Thursday, February 20, 2020

2020 Presidential Candidates: Positons on Afterschool

By Guest Blogger Erik Peterson, Afterschool Alliance

With the 2020 presidential election only 10 months away and primary voting now under way, it is a good time to check in on where the presidential candidates stand on afterschool and summer learning as an issue. As we discussed in our blog last fall, education and childcare has been a popular campaign topic for many candidates, from student loan forgiveness to increasing teacher pay, however several candidates have gone on the record in support of afterschool and summer learning programs as well.

While the nonpartisan Afterschool Alliance does not endorse candidates, we do track their proposals related to support for afterschool and summer learning programs and have summarized the positions of the candidates that have gone on the record in support of afterschool, community schools, summer learning, and wrap around supports for school age children. Read more about the candidates’ (from both parties) positions on afterschool here.

Source: Getty Images
Stay tuned for updates from the campaign trail and review our election toolkit and candidate guide (being updated for the 2020 election).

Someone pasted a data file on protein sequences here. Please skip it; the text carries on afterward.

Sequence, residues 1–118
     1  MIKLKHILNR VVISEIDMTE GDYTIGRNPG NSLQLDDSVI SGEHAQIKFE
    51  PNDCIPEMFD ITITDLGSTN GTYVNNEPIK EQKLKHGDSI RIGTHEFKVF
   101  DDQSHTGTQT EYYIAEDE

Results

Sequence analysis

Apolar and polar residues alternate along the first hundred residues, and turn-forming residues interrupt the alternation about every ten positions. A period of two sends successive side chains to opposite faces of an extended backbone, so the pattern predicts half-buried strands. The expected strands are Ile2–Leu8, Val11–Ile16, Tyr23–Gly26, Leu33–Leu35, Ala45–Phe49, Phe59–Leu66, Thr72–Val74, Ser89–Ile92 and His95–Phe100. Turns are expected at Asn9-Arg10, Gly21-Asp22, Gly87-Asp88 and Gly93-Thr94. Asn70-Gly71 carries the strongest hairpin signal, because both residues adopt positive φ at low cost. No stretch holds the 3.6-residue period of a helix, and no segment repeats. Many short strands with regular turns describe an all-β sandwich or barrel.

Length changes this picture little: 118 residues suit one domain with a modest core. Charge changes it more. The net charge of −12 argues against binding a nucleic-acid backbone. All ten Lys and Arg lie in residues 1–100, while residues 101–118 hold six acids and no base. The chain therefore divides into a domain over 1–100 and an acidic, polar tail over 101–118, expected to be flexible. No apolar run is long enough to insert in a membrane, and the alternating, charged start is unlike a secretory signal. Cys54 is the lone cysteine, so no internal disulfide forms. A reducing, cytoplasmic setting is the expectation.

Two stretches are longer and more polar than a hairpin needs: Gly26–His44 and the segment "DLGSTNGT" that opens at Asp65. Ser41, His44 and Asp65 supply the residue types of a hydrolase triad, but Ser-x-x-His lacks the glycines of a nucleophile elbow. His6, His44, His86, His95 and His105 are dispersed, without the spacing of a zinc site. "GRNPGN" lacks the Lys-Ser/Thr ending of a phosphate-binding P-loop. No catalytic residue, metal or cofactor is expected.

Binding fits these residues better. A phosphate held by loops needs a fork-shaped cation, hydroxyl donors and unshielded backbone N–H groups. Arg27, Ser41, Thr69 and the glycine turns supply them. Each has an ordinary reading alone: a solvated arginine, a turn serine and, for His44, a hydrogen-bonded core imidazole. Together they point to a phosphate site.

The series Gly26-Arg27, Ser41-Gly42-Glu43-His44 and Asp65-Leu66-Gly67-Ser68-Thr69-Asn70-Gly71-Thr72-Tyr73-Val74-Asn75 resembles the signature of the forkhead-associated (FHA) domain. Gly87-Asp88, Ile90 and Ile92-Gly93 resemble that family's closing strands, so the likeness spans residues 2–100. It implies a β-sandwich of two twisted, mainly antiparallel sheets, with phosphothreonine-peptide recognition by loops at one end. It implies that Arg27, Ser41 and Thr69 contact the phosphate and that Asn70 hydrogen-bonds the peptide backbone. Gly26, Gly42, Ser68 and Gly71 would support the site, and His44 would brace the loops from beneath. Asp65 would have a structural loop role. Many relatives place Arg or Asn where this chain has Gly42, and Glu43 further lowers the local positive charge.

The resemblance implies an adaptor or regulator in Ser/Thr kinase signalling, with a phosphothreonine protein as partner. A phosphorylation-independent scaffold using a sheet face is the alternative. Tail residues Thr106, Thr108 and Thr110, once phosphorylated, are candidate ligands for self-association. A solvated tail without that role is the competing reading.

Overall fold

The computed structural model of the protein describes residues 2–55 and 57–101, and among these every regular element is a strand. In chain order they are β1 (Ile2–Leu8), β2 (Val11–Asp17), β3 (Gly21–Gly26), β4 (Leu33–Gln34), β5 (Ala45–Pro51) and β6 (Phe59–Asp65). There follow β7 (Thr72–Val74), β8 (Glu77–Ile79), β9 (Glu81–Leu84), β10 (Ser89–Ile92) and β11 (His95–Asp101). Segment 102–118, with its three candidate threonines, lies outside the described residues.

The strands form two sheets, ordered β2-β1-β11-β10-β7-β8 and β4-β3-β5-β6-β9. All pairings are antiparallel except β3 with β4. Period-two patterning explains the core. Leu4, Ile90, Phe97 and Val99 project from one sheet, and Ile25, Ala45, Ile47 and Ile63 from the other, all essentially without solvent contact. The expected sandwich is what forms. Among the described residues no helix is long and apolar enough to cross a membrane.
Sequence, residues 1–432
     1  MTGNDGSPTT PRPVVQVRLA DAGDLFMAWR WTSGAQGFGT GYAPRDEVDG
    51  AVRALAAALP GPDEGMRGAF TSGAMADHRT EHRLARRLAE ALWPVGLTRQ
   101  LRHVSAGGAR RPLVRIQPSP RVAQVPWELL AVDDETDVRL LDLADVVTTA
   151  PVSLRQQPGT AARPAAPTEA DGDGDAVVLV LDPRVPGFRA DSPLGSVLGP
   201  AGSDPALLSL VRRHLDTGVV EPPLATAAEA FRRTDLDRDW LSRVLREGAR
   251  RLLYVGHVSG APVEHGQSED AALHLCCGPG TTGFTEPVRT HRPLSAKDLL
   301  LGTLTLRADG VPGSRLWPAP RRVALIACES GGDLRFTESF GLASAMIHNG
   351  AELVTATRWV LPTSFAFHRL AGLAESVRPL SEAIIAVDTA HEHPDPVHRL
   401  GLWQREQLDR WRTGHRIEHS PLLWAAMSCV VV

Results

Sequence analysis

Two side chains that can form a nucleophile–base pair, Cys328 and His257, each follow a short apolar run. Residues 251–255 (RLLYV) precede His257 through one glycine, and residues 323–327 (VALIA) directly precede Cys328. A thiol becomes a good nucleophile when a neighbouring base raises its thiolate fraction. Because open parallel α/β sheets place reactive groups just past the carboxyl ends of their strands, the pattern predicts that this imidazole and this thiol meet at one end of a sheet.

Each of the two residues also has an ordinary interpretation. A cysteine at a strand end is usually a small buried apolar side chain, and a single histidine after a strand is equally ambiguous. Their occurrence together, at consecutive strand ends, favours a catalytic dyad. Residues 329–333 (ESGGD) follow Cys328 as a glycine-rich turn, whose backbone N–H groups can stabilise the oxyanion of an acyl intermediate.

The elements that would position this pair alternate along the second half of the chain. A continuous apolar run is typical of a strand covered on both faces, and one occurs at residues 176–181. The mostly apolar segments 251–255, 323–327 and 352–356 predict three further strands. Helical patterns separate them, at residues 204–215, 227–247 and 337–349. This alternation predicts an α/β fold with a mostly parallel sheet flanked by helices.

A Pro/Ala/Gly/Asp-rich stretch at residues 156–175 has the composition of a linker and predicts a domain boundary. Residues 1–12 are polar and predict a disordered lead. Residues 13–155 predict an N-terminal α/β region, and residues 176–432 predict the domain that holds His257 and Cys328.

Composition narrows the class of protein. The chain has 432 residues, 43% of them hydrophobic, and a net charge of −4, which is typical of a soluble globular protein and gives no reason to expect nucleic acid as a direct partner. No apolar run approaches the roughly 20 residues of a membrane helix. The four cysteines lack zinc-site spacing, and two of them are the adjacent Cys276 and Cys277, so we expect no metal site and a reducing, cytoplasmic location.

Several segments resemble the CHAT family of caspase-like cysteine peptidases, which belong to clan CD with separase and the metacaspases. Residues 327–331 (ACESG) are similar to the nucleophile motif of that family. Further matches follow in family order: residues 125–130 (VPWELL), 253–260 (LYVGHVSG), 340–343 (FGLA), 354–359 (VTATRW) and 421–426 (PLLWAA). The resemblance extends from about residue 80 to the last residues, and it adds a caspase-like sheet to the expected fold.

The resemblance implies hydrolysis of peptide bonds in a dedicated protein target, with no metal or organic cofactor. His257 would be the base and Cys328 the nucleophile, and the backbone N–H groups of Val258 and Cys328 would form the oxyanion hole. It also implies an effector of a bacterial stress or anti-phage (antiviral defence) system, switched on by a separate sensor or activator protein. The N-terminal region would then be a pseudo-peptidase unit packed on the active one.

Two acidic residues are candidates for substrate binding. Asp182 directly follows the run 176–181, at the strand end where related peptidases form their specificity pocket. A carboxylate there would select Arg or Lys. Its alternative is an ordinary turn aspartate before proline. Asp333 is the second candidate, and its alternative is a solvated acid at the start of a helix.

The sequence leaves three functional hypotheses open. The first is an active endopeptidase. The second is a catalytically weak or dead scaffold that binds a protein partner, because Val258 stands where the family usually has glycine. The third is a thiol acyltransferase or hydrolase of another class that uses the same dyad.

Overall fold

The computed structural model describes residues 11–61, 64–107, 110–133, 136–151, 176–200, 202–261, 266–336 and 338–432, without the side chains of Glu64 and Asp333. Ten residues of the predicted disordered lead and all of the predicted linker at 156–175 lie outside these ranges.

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Erik Peterson joined the Afterschool Alliance in July 2009 and coordinates and advances the Afterschool Alliance’s policy efforts at the federal level by helping develop policy goals and implementing strategies that advance access to quality afterschool programs for all. Erik works to build and strengthen relationships with policy makers and allied organizations to increase public support and funding for quality before-school, afterschool and summer learning programs. Prior to coming to the Afterschool Alliance, Erik worked for the School Nutrition Association (SNA) in the Washington DC, area and as both an AmeriCorps VISTA and staff for the Sustainable Food Center in Austin, Texas.

Tuesday, February 18, 2020

Teens Advocating for Civic Engagement

By Guest Blogger John Fuentes

What happens when adult allies continue to make authentic youth voice a priority? When High school students in various leadership groups from San Diego to Oakland, CA speak truth to power? When technology becomes a resource for across state collaboration? When young people meet up in Sacramento to speak to legislators about the challenges they’re faced with and how afterschool funding supports overcoming some of these challenges? Answer: a $50M ASES increase with the support of our “TACA”(Teens Advocating for Civic Engagement) youth.

TACA started a little over a year ago when a group of CA3 (California Afterschool Advocacy Alliance) members discussed how powerful it would be to bring more youth voice to the front lines of civic action. Myself, Brad Lupien (ARC), Donny Faaliliu (L.A. All Stars) and Aleah Rosario (CalSac) spent some time during 2018/19 school year unpacking what TACA should look and feel like.